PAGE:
Precipitants of substance abuse relapse in Ghana: A qualitative exploration

Richard Appiah*, Samuel A. Danquah, Kingsley Nyarko, Angela L. Ofori-Atta, Lydia Aziato

*Corresponding author for this work

Research output: Contribution to journalArticlepeer-review

15 Citations (Scopus)


Relapse to substance abuse is a global problem and is conceptualized as an integral component of the recovery process. Global statistics on rates of relapse after substance abuse treatment are disturbingly high, averaging about 75% within a 3- to 6-month duration after treatment. This study sought to gain full understanding of the factors that precipitate relapse among substance abusers in Ghana. Data were collected through in-depth interviews with 15 relapsed substance abusers who were previously treated for substance abuse, and three mental health professionals at a psychiatric rehabilitation unit in Ghana. Findings showed that seven factors, including positive/negative emotional reinforcements, sense of loss, interpersonal conflicts, peer influence, familial, religio-cultural, and treatment-based issues complot to instigate and maintain the relapse cycle. The findings provide valuable insights into the relapse phenomenon in Ghana. Clinicians should actively engage family members in the relapse prevention process, and provide insight into religio-cultural relapse precipitants.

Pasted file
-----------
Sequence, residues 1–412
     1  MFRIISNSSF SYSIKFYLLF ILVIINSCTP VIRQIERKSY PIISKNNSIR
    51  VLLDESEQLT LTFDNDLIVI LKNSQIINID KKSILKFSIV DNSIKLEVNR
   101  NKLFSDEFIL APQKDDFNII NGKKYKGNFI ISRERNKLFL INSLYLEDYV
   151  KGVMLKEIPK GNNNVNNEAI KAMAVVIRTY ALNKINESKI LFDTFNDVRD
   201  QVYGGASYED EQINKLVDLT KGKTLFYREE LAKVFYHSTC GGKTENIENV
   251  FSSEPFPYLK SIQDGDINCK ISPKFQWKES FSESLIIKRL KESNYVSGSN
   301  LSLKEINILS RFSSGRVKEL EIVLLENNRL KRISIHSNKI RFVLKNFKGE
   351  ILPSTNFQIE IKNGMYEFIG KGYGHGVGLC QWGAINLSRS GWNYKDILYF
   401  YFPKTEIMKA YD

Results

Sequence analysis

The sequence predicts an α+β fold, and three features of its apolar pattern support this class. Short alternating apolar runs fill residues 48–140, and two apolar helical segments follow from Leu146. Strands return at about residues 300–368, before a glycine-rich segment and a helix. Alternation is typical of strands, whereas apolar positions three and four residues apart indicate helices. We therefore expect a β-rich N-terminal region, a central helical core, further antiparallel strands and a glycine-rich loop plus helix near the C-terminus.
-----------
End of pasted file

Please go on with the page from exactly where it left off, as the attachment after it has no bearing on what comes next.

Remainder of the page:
Original languageEnglish
Pages (from-to)104-115
Number of pages12
JournalJournal of Drug Issues
Issue number1
Early online date16 Nov 2016
Publication statusPublished - 1 Jan 2017
Externally publishedYes

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